For his part, Edward Spencer appears oblivious to the hotel's worsening condition: "One unseasonably warm day the giant M of MAJESTIC detached itself from the façade of the building and fell four storeys to demolish a small table at which a very old and very deaf lady, an early arrival for Christmas, had decided to take tea in the mild sunshine that was almost like summer." Eventually, Major Archer finds himself the de facto manager of the Majestic, and he stays despite increasing violence in the surrounding area and warnings from the locals: "This is no place for the likes of you. … You must leave Ireland, leave Kilnalough, it's no place at all now for a British gentleman like you. Clear yourself out of here, bag and baggage, before it's too late!"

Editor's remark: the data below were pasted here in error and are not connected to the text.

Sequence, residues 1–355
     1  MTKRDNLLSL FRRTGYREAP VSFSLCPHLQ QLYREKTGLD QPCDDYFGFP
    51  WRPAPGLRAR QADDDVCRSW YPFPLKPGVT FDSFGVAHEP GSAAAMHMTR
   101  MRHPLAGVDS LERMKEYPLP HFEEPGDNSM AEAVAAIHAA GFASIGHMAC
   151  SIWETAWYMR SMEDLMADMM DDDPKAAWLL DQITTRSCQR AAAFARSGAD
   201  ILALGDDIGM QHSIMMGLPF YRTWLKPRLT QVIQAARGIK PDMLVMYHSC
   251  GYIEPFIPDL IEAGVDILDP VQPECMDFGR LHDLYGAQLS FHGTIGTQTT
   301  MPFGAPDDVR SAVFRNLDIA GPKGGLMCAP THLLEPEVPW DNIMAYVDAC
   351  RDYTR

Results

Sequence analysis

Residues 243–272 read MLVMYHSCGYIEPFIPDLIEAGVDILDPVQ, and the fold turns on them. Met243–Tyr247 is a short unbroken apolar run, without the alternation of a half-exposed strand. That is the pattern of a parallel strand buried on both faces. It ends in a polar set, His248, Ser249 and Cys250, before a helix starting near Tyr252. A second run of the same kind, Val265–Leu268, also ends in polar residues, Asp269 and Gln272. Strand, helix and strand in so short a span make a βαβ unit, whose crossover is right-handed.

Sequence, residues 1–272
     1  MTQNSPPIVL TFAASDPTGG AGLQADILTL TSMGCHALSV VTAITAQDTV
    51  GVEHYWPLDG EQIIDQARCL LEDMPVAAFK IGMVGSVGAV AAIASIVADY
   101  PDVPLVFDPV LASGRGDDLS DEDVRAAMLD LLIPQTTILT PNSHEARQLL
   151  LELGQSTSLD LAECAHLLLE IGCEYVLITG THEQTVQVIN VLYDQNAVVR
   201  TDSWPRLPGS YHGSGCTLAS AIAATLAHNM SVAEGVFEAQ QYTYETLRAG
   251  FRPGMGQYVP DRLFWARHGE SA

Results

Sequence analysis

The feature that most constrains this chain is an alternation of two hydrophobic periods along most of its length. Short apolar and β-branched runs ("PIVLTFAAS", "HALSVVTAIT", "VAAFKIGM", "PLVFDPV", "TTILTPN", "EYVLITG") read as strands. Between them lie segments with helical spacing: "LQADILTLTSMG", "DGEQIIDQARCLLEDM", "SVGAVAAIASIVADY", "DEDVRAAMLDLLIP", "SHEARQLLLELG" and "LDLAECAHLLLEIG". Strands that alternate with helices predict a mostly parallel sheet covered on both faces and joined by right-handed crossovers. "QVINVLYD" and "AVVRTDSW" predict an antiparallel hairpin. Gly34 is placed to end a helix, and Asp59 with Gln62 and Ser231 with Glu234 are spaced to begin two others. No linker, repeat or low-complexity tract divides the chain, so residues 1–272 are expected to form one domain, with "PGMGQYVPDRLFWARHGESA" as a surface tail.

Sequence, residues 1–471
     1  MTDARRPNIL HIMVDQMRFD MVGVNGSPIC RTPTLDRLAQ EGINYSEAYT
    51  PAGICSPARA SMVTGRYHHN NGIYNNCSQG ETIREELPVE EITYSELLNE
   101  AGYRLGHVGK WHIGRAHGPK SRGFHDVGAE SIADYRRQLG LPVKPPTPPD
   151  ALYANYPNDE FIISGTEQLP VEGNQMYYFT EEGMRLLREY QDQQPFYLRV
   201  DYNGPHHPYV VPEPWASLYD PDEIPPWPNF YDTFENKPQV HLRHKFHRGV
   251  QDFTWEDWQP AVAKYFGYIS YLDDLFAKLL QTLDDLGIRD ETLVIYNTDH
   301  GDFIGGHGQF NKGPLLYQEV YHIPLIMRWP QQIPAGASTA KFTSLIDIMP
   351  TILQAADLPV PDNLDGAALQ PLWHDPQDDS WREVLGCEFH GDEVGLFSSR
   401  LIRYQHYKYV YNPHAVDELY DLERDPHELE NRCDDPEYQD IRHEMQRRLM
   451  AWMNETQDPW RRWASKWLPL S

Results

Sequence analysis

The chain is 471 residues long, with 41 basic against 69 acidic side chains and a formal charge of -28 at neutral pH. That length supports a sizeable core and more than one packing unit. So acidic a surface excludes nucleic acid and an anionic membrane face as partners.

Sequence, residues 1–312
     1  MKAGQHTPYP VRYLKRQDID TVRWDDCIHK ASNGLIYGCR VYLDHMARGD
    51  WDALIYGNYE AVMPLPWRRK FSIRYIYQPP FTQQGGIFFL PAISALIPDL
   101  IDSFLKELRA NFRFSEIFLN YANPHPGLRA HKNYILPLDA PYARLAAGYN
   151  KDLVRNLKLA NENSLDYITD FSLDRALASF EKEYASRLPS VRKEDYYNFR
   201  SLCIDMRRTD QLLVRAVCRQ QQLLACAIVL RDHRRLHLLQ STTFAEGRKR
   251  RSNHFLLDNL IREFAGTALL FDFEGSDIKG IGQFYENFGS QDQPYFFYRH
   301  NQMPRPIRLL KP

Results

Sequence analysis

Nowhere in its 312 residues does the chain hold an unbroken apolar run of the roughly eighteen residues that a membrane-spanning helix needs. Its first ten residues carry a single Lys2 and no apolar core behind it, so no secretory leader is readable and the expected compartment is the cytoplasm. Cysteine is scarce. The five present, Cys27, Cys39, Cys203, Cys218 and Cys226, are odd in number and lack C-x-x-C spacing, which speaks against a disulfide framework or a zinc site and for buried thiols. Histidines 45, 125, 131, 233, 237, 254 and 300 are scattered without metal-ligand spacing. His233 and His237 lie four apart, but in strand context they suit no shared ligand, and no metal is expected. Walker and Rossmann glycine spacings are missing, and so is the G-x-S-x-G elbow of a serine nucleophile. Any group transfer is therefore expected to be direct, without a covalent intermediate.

In the end, both the hotel itself and the major's pursuit of a bride are doomed—the Majestic serves as a metaphor for the British Empire, already past its prime by the beginning of the 20th century. At times, Farrell makes this theme rather explicit: "The future of the British Isles could never have seemed so dismal since the Romans had invaded; there was trouble everywhere." Farrell wrote the first pages of Troubles, appropriately enough, on St. Patrick's Day while in New York City in 1967 "with Irish pipers tuning up down in the street 12 floors beneath." His depiction of the Majestic was inspired by a visit to the Ocean View Hotel on Block Island, Rhode Island, during the same year:
Old bedsprings twisted with heat; puddles of molten glass; washbowls that had fallen through to the foundations; a flight of stone steps leading up to thin air; twisted pipes; lots of nails lying everywhere and a few charred beams. I think the way the glass had collected like candlegrease under the windows impressed me most. … Anyway this gave me an idea, which seems to me a good one, for the dwelling place of the family.